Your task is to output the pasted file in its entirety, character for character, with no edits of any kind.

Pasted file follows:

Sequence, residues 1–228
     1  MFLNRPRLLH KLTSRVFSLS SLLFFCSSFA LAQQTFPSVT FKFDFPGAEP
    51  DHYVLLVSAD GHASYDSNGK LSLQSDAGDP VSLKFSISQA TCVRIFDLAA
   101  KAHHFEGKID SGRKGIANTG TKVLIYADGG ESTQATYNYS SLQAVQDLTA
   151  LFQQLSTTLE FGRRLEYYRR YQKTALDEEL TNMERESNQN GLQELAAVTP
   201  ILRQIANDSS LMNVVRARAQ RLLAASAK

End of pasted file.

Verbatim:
Sequence, residues 1–228
     1  MFLNRPRLLH KLTSRVFSLS SLLFFCSSFA LAQQTFPSVT FKFDFPGAEP
    51  DHYVLLVSAD GHASYDSNGK LSLQSDAGDP VSLKFSISQA TCVRIFDLAA
   101  KAHHFEGKID SGRKGIANTG TKVLIYADGG ESTQATYNYS SLQAVQDLTA
   151  LFQQLSTTLE FGRRLEYYRR YQKTALDEEL TNMERESNQN GLQELAAVTP
   201  ILRQIANDSS LMNVVRARAQ RLLAASAK